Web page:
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Women | Sexual Intercourse – Sexual Dysfunctions - Anorgasmy

Anastasios D. Kalantzis, Surgeon Urologist-Andrologist


It is a proven fact that women are cerebral, all actions initiate from and end up in their brain.


Modern woman wants, desires, claims. She claims her position in society, for equal treatment and civil rights, her professional acknowledgement and recognition. She also demands respect as well as satisfaction of her sexuality.


Going back in history, we can see that the role of women was in constant change and this was initially due to the technological development. It has been noted that, after the Neolithic era, society became patriarchic, contrary to the Paleolithic period when matriarchy prevailed. Later on, with the development of various civilizations and religions and with the moral principles, values and boundaries set – or not – by the male-dominated societies and their governors, a certain lifestyle was imposed, guarding, in this way, the indisputable dominance of men, their uncontrollable freedom and the financial profit their social position offered them.


In ancient Athens, woman’s position was degraded. She was confined in the house, with sole occupation Στην αρχαία Αθήνα η θέση της γυναίκας ήταν πολύ υποβιβασμένη, κλεισμένη στο σπίτι με μόνη της ενασχόληση τις οικιακές εργασίες. In ancient Rome, woman’s position and the family values underwent continuous change, from the reign of Emperor Augustus, when laws promoting family values were passed and established, and all the way to the eras of Caligula and Nero, when a brothel was created inside the palace, “staffed” with the wives, daughters and sons of prevalent citizens and men of the upper class, as well as the organization of orgies for the nobility. Later, the attitude of the Christian world in the medieval era and the renaissance towards women is ambiguous and vague. Both positive and negative characteristics are attributed to women who are referred to as either imperfect, evil and malevolent, or kind, gentle and humble.


Botticelli praises the woman in his “Spring”, while, on the other hand, Giordano Bruno refers to her as «this extreme wound and distortion of nature who, with her physical appearance, with a shadow, a ghost, a spell of Circes, sets herself in the service of reproduction, deceives us as a kind of beauty ».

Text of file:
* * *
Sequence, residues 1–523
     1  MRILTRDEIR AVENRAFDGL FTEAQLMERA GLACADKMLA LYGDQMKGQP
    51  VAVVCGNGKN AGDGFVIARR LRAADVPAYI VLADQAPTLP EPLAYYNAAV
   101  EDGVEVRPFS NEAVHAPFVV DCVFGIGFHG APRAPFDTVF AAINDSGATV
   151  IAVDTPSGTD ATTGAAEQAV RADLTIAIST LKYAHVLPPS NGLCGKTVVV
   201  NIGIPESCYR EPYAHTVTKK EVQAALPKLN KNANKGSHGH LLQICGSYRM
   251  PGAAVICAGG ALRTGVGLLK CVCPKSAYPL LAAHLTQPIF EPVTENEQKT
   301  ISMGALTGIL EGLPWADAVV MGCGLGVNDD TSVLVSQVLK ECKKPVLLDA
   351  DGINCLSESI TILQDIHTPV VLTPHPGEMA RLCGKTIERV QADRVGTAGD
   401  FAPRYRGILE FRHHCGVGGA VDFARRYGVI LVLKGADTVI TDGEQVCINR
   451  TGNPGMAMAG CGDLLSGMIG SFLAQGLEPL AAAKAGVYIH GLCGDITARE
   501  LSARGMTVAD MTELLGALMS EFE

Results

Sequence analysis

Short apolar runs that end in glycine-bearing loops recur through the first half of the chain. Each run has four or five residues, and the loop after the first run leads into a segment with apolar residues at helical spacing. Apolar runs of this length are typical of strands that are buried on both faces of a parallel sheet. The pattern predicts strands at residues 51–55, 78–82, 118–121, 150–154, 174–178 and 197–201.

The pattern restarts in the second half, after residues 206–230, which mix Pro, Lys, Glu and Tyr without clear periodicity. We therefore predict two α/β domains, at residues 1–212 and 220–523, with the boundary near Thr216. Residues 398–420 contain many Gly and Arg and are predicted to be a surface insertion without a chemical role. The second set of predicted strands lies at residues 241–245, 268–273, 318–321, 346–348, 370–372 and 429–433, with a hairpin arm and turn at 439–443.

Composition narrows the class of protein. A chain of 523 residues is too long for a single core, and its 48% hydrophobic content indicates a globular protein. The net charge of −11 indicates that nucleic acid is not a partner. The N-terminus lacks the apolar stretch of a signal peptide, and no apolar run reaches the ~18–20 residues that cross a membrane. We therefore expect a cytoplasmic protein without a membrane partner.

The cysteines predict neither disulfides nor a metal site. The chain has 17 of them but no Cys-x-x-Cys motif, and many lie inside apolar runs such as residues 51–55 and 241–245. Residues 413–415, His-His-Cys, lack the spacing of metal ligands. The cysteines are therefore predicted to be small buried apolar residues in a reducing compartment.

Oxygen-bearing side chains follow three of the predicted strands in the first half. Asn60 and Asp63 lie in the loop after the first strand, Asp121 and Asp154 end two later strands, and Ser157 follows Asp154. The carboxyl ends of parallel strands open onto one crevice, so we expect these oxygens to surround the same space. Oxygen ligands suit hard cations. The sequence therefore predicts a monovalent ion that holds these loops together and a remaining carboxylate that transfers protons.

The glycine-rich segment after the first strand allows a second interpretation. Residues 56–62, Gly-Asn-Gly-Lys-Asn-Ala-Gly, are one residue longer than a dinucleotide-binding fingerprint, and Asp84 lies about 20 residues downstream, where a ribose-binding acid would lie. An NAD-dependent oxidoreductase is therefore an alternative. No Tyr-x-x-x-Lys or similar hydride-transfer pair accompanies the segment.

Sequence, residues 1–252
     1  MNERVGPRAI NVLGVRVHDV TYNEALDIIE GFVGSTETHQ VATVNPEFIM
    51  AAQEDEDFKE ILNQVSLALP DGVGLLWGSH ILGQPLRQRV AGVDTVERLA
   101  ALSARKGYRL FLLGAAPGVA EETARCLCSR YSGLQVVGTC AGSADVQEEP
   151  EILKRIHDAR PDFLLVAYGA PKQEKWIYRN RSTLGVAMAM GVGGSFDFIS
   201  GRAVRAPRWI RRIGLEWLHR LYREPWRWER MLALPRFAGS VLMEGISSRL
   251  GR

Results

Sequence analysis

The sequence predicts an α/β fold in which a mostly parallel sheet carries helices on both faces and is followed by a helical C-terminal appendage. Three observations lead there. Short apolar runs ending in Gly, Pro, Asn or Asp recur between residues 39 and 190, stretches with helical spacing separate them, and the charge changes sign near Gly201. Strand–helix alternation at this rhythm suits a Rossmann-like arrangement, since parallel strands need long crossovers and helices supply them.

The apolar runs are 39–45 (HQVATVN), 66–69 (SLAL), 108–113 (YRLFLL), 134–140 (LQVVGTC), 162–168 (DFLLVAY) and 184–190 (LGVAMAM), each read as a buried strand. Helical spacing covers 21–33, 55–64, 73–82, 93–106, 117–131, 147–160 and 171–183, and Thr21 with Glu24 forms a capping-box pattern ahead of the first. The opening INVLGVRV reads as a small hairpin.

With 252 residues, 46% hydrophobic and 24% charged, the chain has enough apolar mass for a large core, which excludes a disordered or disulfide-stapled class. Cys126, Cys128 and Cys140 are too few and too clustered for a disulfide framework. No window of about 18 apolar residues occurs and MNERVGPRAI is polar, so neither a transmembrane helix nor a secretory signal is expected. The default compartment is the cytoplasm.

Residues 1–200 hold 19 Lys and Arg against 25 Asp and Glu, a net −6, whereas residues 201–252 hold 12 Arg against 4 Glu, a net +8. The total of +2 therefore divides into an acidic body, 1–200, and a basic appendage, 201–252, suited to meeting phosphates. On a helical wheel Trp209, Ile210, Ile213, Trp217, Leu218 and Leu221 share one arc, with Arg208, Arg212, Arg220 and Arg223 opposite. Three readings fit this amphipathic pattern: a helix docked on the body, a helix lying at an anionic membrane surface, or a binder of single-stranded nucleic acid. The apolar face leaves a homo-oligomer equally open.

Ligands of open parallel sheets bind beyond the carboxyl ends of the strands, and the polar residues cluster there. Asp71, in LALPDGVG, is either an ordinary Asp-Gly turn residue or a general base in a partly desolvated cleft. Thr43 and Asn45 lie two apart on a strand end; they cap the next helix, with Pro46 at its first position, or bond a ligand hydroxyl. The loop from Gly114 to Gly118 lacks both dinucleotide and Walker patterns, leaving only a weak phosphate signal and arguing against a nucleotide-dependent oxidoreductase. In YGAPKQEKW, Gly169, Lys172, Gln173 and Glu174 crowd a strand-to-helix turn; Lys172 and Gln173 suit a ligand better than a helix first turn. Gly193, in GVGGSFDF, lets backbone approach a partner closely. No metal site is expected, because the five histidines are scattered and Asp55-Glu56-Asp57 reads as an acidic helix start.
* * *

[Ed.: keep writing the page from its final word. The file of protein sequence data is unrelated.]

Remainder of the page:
The industrial revolution and the feminist movement in the 1970s contributed in the woman’s getting out of the house and the family and her entering the world of production. Today’s woman plays many interchangeable roles everyday. She is a working person, a daughter, a mother, a wife, a housewife, a lover. In her effort to deal with all her tasks and obligations on a daily basis, she faces obstacles and difficulties and is called to find solutions to the problems and conflicts she encounters and cope with attitudes and remains of old standards and stereotypes still existing in many societies even today.


Female sexuality, which was until recently neglected by the scientific community, is today a significant field of research. The sexuality of women is much more complex than that of men. A significant role in the creation of sexual problems in women during their sexual life is the attitude and behavior of her sexual partner.


The Female Sexual Dysfunction is categorized in two major disorder groups.

 Desire Disorders

 Excitement Disorders

 Orgasm Disorders

 Sexual Pain Disorders


Sexual desire is the initiation of the sexual cycle and intercourse. The sexual desire disorders in a person depend on many factors, such as long-lasting abstinence, interpersonal differences with the sexual partner, fatigue, stress, chronic anxiety, Religious and Social taboos, lack of education around sex. The causes may be physical (vascular, neurogenic, hormonal, chronic diseases, use of pharmaceutical substances, underlying malignant diseases of the lower urogenital system), psychogenic (depression, performance anxiety) or aging. Sexual Excitement Disorders are divided in to basic categories: a) Decreased Libido, by which we refer to difficulty in, or absence of, sexual fantasies and desire for sexual activity possibly resulted from fatigue, stress, the many and multiple obligations which she must deal with in everyday basis, or the conflicts and problems with her sexual partner, and b) Sexual Aversion, by which we refer to aversion to or avoidance of contact with the genitalia and any sexual contact, either with a partner or via self-satisfaction and is observed with women with traumatic, stress-inducing experiences, such as rape, cancer, physical disability or poor relationship with her sexual partner.